Ian Franklin thinks the modern oboe isn’t supposed to be heard up close.
A bit like the bagpipes, the instrument was developed to have a hard, penetrating sound. Large groups tune to the oboe because it can be heard above all else. Difficult to adjust and tune, when dealing with an oboe, it’s better to make everyone else conform to it.
But for many, the oboe is an exotic instrument they cannot identify by sound or appearance.
Franklin is trying to improve that situation. On Wednesday, Oct. 19, he was the soloist in Orchestra London’s Cathedral Series at St. Paul’s Cathedral. And this winter he will hold an Oboe Day with workshops, masterclasses and activities aimed at developing players.
Seeing and hearing the oboe up close and personal may create more people who disagree with Franklin’s criticism about hearing his instrument in tight quarters. It really can be lovely to listen to – especially in the hands of such a pro.
On Oct. 19, Franklin played C.P.E. Bach’s Oboe Concert in B flat.
“The halls were small in Bach’s era, so instruments didn’t need to project so much,” Franklin says. “Like Schubert’s musical evenings, people could sit next to the piano. St. Paul’s is nice for players. It’s a lovely setting and lovely music. What could be better?”
It was a rare opportunity to hear this seldom-performed work.
“I had never heard this concerto until Alain (Maestro Alain Trudel) mentioned it to me,” he says. “He had heard it online and liked it and asked me to play it. First, I had to find it. But when I did, I discovered it is a masterpiece.”
Bach wrote it for oboe and strings in 1765. It’s in his middle period, not as classical as earlier works and not as personalized as later ones.
“There are wonderful embellishments and thematic development,” Franklin says. “The ornamentation is a study in itself.”
Hearing it live is completely different than a recording maintains Franklin. “They can make a whole range of dynamics in a recording. There is a bit of dishonesty in recording. I love to see how excited people get when they go to a live performance. It is different from anything you’ve experienced.”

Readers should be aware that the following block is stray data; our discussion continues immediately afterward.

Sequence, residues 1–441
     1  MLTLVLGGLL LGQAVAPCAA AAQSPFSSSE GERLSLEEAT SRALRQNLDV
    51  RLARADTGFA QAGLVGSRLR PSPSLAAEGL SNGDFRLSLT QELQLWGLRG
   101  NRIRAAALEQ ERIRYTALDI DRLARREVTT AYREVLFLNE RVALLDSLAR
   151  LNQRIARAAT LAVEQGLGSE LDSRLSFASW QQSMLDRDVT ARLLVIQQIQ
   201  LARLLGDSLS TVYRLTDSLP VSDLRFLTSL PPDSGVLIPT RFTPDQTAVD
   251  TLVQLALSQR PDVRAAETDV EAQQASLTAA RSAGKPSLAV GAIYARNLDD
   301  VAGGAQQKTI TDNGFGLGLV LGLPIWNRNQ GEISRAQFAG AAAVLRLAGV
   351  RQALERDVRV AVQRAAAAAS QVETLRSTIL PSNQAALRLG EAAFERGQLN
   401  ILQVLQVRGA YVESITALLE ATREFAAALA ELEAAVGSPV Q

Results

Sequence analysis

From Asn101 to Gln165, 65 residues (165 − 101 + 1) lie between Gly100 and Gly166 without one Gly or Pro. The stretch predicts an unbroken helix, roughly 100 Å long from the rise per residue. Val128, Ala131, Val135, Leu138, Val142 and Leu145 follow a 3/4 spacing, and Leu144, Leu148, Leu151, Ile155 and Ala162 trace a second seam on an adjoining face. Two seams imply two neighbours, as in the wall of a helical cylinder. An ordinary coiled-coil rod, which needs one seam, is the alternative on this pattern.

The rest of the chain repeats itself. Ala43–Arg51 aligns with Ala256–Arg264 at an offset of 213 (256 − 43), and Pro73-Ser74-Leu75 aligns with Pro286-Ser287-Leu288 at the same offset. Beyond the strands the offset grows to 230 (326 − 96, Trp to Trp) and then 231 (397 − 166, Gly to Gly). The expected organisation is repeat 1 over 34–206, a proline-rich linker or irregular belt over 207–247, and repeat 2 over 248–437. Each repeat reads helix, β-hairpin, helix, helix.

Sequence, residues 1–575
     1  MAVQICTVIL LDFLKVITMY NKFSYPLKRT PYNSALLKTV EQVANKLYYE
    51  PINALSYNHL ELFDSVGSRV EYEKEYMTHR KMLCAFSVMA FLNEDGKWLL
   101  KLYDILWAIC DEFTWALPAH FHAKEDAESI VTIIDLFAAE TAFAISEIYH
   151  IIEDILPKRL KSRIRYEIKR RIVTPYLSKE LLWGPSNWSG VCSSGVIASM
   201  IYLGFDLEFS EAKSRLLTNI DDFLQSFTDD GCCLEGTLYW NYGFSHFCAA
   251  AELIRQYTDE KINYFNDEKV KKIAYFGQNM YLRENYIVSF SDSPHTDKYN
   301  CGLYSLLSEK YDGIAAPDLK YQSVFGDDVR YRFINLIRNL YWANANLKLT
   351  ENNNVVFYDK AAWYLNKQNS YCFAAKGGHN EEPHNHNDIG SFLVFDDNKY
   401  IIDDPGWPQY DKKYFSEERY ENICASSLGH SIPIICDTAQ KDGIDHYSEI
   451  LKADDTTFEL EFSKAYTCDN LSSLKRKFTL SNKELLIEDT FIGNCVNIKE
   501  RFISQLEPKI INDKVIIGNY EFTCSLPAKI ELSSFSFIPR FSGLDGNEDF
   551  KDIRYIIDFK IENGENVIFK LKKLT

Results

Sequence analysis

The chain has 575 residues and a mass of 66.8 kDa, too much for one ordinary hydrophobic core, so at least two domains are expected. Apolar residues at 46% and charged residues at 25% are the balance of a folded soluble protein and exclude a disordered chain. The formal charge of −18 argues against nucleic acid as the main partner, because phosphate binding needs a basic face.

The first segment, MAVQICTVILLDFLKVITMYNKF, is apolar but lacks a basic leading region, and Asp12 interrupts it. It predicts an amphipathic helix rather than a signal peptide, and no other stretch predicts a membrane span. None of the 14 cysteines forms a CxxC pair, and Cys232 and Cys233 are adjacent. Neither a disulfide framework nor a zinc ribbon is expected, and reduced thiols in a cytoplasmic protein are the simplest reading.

Franklin learned the oboe after starting on piano. He also sang in a choir and had tried violin and trumpet. With that experience, his Grade 7 teacher thought he was a good candidate for oboe.
“I started in my first band practice after two or three lessons. I didn’t know a lot about the oboe.”
But he knew he didn’t like the beginning sound he made on violin and trumpet. “It was a disaster. I liked that the oboe was made of wood and warm to touch.”
Part of the type of sound an oboist creates depends on the reed, two pieces of shaped cane, that fits into the top. Franklin started making his own within three weeks of starting on the instrument.
“You can tailor your sound – good or bad,” he says. “I began monkeying around with the reeds and now make what I think is a beautiful sound. You have to project your ears out into the hall to think about what it sounds like out there. The natural resonance of the instrument guides me in the right direction.”
While he may call making a beautiful sound on the oboe “a smoke and mirrors” effort, Franklin also believes there is no absolute for beautiful.
“I differ from some other players. There are schools of playing. I try to make my sound different for different composers. Every note, every phrase demands its own sound, using the limitations of what the oboe can do. There is a magical appeal.”